, Research Paper
THE ROAD NOT TAKEN
Two roads diverged in a yellow wood,
And sorry I could not travel both
And be one traveler, long I stood
And looked down one as far as I could
To where it bent in the undergrowth.
Then took the other, as just as fair,
And having perhaps the better claim,
Because it was grassy and wanted wear;
Though as for that the passing there
Had worn them really about the same.
And both that morning equally lay
In leaves no step had trodden black.
Oh, I kept the first for another day!
Yet knowing how way leads on to way,
I doubted if I should ever come back.
I shall be telling this with a sigh
Somewhere ages and ages hence:
Two roads diverged in a wood, and I–
I took the one less traveled by,
And that has made all the difference.
The Road I Should Have Taken
Robert Frost s The Road Not Taken has long been hailed as a testimony to individuality and an inspiration to take chances. Instead of conforming to society s rituals, the speaker chose to be different to take the road less traveled by.
However, many readers and critics alike have neglected to consider the perils of choosing a path that is seldom tread upon. The consequences of selecting a road that is noticeable more unkempt and perhaps even hazardous could be devastating; it is a miracle in its self that the speaker is still alive or even sane enough to recall his precarious adventure through the uncharted territory. Does no one remember the legend of Little Red Riding Hood, who against her mothers warnings, wandered off the trail only to fall victim to the wolf? As the story goes, Little Red Riding Hood was sent forth with a basket of goodies to visit her ailing grandmother. (Take notice that the traveler has no mention of a grandma or a basket which can lead to only one conclusion. The speaker selfishly neglected poor old Granny and, being a little less innocent than Little Red Riding Hood, was actually seeking trouble to satisfy his bad-boy complex and fulfill some empty void in his life.) Consider the consequences of Little Red Riding Hood s supposed tranquil journey. She was confronted by the conniving wolf who coaxed her to wander through the woods while he traveled the designated road, enthralling her into a friendly little competition of who could arrive at Grandma s house first. Being as meddlesome as any little girl immersed in a cluster of wild flowers, Little Red Riding Hood loitered just long enough for the wolf to eat her poor grandmother only minutes before he finished off Little Red Riding Hood herself. And the moral of the story is, whether you are going to Grandmother s house, cruising to the Seven-Eleven, or taking a walk in the woods, stay on the designated path; it will be much faster, without harmful temptations, and above all safer.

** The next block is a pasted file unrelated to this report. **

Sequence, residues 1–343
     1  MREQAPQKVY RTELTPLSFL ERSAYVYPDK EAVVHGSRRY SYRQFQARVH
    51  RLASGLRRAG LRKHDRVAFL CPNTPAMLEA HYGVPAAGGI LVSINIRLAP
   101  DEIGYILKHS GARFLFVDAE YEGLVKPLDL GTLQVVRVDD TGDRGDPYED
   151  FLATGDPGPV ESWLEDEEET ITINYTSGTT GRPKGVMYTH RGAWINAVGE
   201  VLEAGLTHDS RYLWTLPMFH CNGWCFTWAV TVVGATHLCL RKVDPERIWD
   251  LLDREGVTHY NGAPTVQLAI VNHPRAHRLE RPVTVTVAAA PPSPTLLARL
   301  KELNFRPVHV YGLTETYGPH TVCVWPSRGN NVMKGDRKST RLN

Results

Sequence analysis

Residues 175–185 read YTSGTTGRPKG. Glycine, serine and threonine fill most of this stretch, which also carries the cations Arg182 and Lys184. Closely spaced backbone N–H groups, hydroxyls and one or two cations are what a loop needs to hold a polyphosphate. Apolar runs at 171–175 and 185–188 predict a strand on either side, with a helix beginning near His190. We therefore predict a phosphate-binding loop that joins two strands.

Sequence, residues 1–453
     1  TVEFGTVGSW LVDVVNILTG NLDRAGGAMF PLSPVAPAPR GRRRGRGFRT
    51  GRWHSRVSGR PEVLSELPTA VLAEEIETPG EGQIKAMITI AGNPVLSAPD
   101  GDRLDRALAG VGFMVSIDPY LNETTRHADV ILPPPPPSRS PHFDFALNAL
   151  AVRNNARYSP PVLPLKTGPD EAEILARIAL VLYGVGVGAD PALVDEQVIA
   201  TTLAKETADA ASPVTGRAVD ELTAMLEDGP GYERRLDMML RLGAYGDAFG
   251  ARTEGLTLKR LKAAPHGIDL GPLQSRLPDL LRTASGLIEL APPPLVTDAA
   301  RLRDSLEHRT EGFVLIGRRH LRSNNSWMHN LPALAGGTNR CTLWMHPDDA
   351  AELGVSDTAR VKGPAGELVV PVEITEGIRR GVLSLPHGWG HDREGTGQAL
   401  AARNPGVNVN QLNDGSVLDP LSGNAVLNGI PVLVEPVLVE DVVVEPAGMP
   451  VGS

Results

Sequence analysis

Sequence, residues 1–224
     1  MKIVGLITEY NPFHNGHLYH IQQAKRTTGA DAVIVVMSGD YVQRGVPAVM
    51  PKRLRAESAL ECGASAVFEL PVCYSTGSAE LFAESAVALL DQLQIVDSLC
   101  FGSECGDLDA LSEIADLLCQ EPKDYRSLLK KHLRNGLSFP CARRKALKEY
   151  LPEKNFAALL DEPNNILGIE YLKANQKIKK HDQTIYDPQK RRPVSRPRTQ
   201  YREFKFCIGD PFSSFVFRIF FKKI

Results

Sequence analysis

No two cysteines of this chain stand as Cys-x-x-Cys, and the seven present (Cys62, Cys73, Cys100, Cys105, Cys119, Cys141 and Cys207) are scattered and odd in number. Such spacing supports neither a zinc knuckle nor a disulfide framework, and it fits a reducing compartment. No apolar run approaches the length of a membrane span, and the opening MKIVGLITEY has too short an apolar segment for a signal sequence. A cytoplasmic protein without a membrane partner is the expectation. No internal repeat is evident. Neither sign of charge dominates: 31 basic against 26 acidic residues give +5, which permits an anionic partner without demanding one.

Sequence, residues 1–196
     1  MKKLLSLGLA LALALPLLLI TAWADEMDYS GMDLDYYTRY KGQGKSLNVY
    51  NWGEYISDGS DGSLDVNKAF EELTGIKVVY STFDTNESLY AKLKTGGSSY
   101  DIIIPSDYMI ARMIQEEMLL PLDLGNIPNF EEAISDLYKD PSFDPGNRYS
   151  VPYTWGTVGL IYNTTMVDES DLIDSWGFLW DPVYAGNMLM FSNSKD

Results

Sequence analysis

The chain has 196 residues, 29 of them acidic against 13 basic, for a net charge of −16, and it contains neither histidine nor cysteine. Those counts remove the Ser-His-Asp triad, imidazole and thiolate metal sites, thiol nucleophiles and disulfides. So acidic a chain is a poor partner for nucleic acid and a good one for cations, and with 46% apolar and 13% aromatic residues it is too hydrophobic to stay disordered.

So why, after having the story of Little Red Riding Hood drilled into our brains, can t we see the speaker s decision to take the road less traveled by as blatantly senseless? It remains a mystery as to how readers derive a euphoric ambiance from a poem that is rather vague. We must not entirely blame Robert Frost for the reader s indiscretions while analyzing his poem. After all, The Road Not Taken is one the most ambiguous poems ever composed, thus presenting readers with a considerable amount of open interpretation.
For instance, the first half of the poem offers limited insight to the speaker s actions, yet readers, either because of apathy or foolishness, accept the inane reasoning of the speaker. Basically, the speaker came to a division in a road and chose the one less traveled because it was grassy and wanted wear. It is unfathomable how people could equate the degree of a trail s verdancy with having the better claim on account of it being entirely irrational. In the entire spectrum of factors that influence decisions grass has never held even the lowest prestige.
Furthermore, it is incomprehensible that readers could assume that the speaker s choice to walk on the grassy trail could procure him immense wisdom and individualism. Even the most imperceptive readers should be able to notice the incongruities between the superficial interpretation of Frost s poem (people who refuse to conform to society s customs lead completely satisfying lives) and the speaker s actual reactions to the situation. Perhaps the most insightful comment, which honestly clarifies very little, is the speaker s confession that after years of reflection, the road he traveled made all the difference. The speaker is presumable referring to his journey on the grassy path as a life-altering event, but to assume that the journey yielded a positive outcome is nothing but wishful thinking. There is absolutely no evidence to support this idea, and with a closer study of the poem the negative aspects of the speaker s journey become increasingly obvious.
Frost, not unintentionally, mentions the speaker s premonition of danger (the doubt that he should ever come back to travel the other road which undoubtedly symbolizes the righteous path of life) as a foreshadowing of the trauma the traveler will later face. The only consequence that can logically be inferred from the poem is that the speaker shows remorse for his actions; he specially states that he is sorry he never had the chance to travel the other road (referring to the road that was well maintained and not sprouting weeds), and reflects with a sigh of apparent regret that taking the grassy path has changed his life forever.
The most positive outcome I can conjure is that he escaped the ugly wrath of the wolf and lived to tell about it.